Great Jewish Music: Burt Bacharach is not Zorn's first, nor is it his only tribute to a composer. His interest in and admiration for several musicians and composers from very diverse musical worlds are shown in a number of his recordings. In the series, Great Jewish Music, Zorn pays attention to Serge Gainsbourg and Marc Bolan, in addition to Burt Bacharach. With the occasional quartet, Total Loss, he pays a tribute to Dutch pianist and composer Misha Mengelberg in October Meeting 1987. 'Der kleine Leutnant des lieben Gottes' in Lost In The Stars is Zorn's self-willed transcription of a Kurt Weill song from his opera, Happy End. News For Lulu (named after a Sonny Clark composition) contains arrangements of the works of four (and almost forgotten) hard bop musicians: pianists Sonny Clark and Freddie Redd, trumpet player Kenny Dorham, and tenor saxophonist Hank Mobley. (According to jazz critic, Joachim Berendt, this record contributed more to their rediscovery than the 'classicist' tributes that should, in fact, have been responsible.) Undoubtedly, his best known homage is The Big Gundown (1985). With many fellow musicians and some notable others (among them, organ player, 'Big' John Patton and harmonica player, Jean 'Toots' Thielemans), Zorn plays the film music of Ennio Morricone in his own (deconstructive) way.
I add one more. Spy Vs Spy. The Music of Ornette Coleman. In a more detailed explanation of this CD, Zorn says in an interview: 'The idea of doing Ornette in a trash style started to germinate in my mind and I began pushing it - especially when I realized we were going to make a record. If I'm going to do a recording of Ornette's music, I want it to be the way I did the Morricone. I've got to bring something new to it, I've got to bring it up to date; but it's got to come from the inside - not a totally alien agenda imposed on it from the outside ... I think it's the best tribute that I could have done to someone who was absolutely one of my biggest heroes. And whether he likes it or not, I don't care. I really feel I did his music justice' (Gagne, p.523).
I include this quote here for three reasons. First, I think that this citation can be applied equally as well to Great Jewish Music: Burt Bacharach. Second, it says a lot about the relationship between the original music and Zorn's tributes. This quote lays open the whole problematic nature of inside and outside, which is so important in the work of Derrida as well (as a theme and as a strategy). Third, once more it becomes clear that deconstruction is not a linguistic tool to get a grip on musical utterances, but that deconstruction articulates itself within music, in a musical way. (cf. Deconstruction In Music and my comments and criticism on the New Musicology). Here, the problem of inside and outside does not exist primarily in a discursive discourse among musicologists or music theorists; it is a musical task that Zorn has to resolve within music. Through the philosophy of Derrida, I want to establish the analogy between a textual deconstruction and Zorn's musical deconstruction (Can we say it is 'his' deconstruction?) in his homage to Burt Bacharach.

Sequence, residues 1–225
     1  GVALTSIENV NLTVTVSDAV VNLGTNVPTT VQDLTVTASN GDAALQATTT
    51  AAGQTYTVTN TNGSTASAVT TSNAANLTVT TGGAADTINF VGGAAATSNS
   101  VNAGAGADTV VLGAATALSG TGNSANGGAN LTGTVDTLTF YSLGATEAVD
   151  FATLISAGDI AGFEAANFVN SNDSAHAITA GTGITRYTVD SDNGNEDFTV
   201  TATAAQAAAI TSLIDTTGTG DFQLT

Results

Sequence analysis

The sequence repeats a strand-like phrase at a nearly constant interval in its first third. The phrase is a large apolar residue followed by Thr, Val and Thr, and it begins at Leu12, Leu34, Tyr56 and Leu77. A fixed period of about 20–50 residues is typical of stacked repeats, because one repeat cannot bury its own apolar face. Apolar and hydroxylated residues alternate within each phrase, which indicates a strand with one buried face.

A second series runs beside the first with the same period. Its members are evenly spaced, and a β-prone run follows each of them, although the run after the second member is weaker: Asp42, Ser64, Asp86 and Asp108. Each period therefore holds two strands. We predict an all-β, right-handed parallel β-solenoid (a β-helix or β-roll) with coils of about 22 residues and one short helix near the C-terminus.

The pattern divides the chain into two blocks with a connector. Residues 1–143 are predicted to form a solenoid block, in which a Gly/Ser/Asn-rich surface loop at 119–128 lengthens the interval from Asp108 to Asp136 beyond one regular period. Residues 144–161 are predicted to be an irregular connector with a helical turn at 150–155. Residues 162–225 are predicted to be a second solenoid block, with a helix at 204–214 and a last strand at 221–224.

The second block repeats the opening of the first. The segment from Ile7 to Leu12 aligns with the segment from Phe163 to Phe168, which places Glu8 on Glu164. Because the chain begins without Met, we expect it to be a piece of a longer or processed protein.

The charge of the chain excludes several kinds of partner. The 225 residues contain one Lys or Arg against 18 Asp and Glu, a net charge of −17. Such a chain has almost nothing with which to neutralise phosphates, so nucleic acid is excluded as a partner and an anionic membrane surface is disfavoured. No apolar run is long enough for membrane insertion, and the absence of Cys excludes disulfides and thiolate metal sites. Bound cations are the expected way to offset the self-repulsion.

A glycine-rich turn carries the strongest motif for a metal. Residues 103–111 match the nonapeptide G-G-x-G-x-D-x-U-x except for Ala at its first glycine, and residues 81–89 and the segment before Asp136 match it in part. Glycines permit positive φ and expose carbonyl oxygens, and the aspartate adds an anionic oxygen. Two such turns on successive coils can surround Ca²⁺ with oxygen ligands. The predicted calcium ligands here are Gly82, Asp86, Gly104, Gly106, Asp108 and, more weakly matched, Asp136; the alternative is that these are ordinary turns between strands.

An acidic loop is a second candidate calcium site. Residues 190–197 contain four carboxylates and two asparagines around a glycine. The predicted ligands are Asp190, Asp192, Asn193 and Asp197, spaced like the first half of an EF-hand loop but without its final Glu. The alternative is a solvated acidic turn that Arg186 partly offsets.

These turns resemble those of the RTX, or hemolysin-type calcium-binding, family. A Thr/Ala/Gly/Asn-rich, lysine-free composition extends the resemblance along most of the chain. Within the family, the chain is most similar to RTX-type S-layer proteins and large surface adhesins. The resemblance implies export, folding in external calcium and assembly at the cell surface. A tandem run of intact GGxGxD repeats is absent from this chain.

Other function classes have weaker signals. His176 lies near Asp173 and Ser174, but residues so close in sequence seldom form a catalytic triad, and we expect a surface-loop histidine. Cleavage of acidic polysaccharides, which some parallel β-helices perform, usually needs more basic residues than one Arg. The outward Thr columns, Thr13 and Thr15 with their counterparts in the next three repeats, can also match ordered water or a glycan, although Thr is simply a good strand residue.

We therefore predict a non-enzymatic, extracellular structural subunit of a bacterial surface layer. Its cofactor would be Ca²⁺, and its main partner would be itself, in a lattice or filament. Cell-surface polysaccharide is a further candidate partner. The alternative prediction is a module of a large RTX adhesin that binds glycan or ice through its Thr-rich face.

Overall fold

The opposition of inside vs. outside is a frequent returning point of Derrida's interest. An example is found in his writing about the hymen. Hymen, the virginal membrane, but also the consummation of a marriage. (In Greek and Latin mythology, 'hymen' refers to the God of matrimony and to a hymeneal song.) As a protective screen, as an invisible veil, it stands between the inside and the outside of a woman, and consequently between (male?) desire and fulfillment. As a (con)fusion between two people (marriage), however, there is no longer any difference between desire and satisfaction. So, hymen both implies communion and hinders this communion; it is both barrier and interaction. Hymen is a fusion that abolishes contraries, for example, the difference between desire and its accomplishment. But hymen is also the fold of a mucous membrane that keeps them separate (cf. Dissemination, 209-18).
It is not a matter of choice here. If we would choose between the two, there would be no hymen. Hymen is neither fusion nor separation, but stands between the two. Neither inside nor outside, but between the two. 'It is an operation that both sows confusion between opposites and stands between the opposites at once' (Dissemination, p.212). And it is the 'between' that counts. It outwits, as Derrida says, all manner of dialectics.
 Why am I connecting hymen to Zorn's project on Bacharach? Why should I? Am I trying to explain this music by means of certain linguistic, semantic, or philosophical ideas (and with that - reduce it to these ideas)? No, I am paying attention to this hymen because it is not about the word hymen. Derrida: 'What counts here is not the lexical richness, the semantic infiniteness of a word or concept, its depth or breadth, the sedimentation that has produced inside of it two contradictory layers of signification (continuity and discontinuity, inside and outside, identity and difference, etc.). What counts here is the formal or syntactical praxis that composes and decomposes it. We have indeed been making believe that everything could be traced to the word hymen. But the irreplaceable character of this signifier, which everything seemed to grant it, was laid out like a trap. This word, this syllepsis, is not indispensable ... It produces its effect first and foremost through the syntax, which disposes the 'entre' in such a way that the suspense is due only to the placement and not to the content of words' (Dissemination, p.220).